our discussions is the need for greater flexibility so countries
can take on the types of commitments best suited to their domestic
circumstances, she added. The challenge is providing
that flexibility while at the same time ensuring that national efforts
are equitable and that the overall effort is sufficient.
The six think pieces explore the following issues:
* A Long-Term Target: Framing the Climate Effort by
Jonathan Pershing and Fernando Tudela examines the benefits and
difficulties of establishing a more concrete long-term goal to guide
and motivate climate action in the near- and medium-term. It argues
that a host of uncertainties make the negotiation of a greenhouse
gas concentration target extraordinarily difficult and that alternativessuch
as an activity-based target or a non-binding hedging
strategymay be more practical.
* Climate Commitments: Assessing the Options by Daniel
Bodansky identifies the key variables in designing mitigation commitments,
offers criteria for evaluating different approaches, and discusses
the merits of several leading alternatives. It argues that the wide
variance in national circumstances makes a unitary approach impractical
and unlikely, and that future efforts might need to allow for multiple
* Equity and Climate: In Principle and Practice by John
Ashton and Xueman Wang explores the fundamental equity concerns
that suffuse the climate debate and the challenges in arriving at
a fair outcome. It argues that no single equity perspective or formula
can be a basis for agreement, and that the goal instead must be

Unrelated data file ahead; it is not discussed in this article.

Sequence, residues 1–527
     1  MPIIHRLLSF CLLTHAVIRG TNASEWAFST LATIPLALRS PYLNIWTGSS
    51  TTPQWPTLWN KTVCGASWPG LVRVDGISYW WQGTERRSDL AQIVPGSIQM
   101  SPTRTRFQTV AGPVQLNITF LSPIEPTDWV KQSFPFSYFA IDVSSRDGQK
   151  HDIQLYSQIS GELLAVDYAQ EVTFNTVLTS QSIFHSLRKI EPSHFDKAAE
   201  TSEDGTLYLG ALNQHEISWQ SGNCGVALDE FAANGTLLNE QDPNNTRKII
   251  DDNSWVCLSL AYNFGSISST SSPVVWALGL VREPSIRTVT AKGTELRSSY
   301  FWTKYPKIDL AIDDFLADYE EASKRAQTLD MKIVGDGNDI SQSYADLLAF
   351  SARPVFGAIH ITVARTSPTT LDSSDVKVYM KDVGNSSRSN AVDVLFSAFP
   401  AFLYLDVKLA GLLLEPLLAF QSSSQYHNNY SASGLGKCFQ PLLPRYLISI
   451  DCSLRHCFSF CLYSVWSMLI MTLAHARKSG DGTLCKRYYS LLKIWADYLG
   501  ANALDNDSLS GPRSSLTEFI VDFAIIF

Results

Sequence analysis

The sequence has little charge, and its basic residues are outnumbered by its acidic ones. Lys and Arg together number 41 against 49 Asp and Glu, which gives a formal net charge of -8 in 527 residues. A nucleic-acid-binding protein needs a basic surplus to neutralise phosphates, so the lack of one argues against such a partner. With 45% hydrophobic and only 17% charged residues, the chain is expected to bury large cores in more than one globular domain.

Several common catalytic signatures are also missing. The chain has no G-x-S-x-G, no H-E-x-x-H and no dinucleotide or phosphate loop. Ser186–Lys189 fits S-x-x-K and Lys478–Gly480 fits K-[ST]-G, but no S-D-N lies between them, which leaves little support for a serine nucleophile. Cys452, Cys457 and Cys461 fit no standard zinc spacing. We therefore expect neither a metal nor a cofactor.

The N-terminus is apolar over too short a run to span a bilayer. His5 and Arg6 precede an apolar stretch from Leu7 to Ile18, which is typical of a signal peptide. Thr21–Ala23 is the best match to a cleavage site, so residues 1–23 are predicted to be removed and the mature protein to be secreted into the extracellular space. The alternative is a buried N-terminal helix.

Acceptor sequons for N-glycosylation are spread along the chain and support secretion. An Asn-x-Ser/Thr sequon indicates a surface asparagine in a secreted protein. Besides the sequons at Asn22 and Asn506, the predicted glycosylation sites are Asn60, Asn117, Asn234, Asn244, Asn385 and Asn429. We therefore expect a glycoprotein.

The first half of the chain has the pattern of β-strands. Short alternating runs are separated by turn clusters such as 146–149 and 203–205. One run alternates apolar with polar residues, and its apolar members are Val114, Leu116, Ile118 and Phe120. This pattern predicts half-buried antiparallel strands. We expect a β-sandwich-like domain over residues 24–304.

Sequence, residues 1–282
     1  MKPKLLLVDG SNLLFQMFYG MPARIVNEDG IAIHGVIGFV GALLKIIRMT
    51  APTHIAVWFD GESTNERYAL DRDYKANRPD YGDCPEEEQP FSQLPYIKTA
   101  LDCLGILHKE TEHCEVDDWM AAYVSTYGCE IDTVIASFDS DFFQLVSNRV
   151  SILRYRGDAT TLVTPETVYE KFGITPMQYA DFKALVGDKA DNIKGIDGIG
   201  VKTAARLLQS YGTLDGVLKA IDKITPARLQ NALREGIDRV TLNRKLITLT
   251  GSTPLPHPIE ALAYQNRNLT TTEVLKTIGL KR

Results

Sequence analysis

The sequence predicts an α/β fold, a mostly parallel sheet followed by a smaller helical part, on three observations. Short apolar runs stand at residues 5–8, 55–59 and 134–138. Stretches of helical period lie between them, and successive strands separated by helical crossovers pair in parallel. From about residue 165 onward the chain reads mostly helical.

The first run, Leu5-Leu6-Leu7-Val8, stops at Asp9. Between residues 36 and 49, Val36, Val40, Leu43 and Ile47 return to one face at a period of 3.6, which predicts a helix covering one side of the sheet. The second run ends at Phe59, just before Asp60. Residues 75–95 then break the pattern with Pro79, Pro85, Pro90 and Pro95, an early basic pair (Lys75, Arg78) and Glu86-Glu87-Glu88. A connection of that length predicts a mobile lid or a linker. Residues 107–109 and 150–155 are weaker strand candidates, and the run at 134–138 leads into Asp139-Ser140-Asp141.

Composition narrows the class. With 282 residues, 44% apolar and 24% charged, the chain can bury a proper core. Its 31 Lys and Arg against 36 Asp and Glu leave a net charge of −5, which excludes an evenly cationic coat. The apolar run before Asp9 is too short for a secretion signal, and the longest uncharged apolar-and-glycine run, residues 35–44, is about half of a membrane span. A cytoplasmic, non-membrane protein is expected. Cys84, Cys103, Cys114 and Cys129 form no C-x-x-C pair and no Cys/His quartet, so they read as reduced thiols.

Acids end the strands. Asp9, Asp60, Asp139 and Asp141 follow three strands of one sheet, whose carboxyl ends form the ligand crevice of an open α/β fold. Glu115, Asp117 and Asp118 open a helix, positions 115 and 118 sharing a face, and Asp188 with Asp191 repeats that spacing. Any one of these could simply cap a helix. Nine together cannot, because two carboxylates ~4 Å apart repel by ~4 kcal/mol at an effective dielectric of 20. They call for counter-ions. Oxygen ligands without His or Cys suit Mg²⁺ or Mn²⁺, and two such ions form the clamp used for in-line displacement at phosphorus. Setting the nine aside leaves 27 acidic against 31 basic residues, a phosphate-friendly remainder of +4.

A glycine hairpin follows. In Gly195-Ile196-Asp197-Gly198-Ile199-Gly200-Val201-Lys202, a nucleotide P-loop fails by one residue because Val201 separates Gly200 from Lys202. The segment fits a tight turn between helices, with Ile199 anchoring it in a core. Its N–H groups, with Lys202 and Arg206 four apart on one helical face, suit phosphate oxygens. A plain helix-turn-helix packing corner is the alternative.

a political package that achieves a rough qualitative balancing
of competing equity claims. The authors suggest a set of outcomes
that together could meet that test.
* Addressing Cost: The Political Economy of Climate Change
by Joseph E. Aldy, Richard Baron and Laurence Tubiana examines the
challenges of managing cost in future mitigation efforts. It identifies
three critical cost dimensions that present themselves in negotiationsaggregate
cost, relative cost and cost certaintyand assesses how effectively
alternative mitigation approaches address each.
* Development and Climate: Engaging Developing Countries
by Thomas C. Heller and P.R. Shukla explores how future climate
efforts can help integrate climate concerns with the core development
priorities of developing countries. It argues for a fundamental
reorientation of climate policy to focus less on emission outputs
and more on the underlying activities or inputs that
* Trade and Climate: Potential Conflicts and Synergies
by Steve Charnovitz explores potential interactions between the
international trade regime and climate policies at both the national
and international levels. It identifies potential conflicts between
the goals of climate protection and trade liberalization, possible
measures to avert such conflicts, and ways the trade and climate
regimes can be mutually supportive.
The Pew Center was established in May 1998 by The Pew Charitable
Trusts, and is an independent, non-profit and non-partisan organization
dedicated to providing credible information, straight answers and
innovative solutions in the effort to address global climate change.
The full text of the Beyond Kyoto report is available
on its Web site: www.pewclimate.org.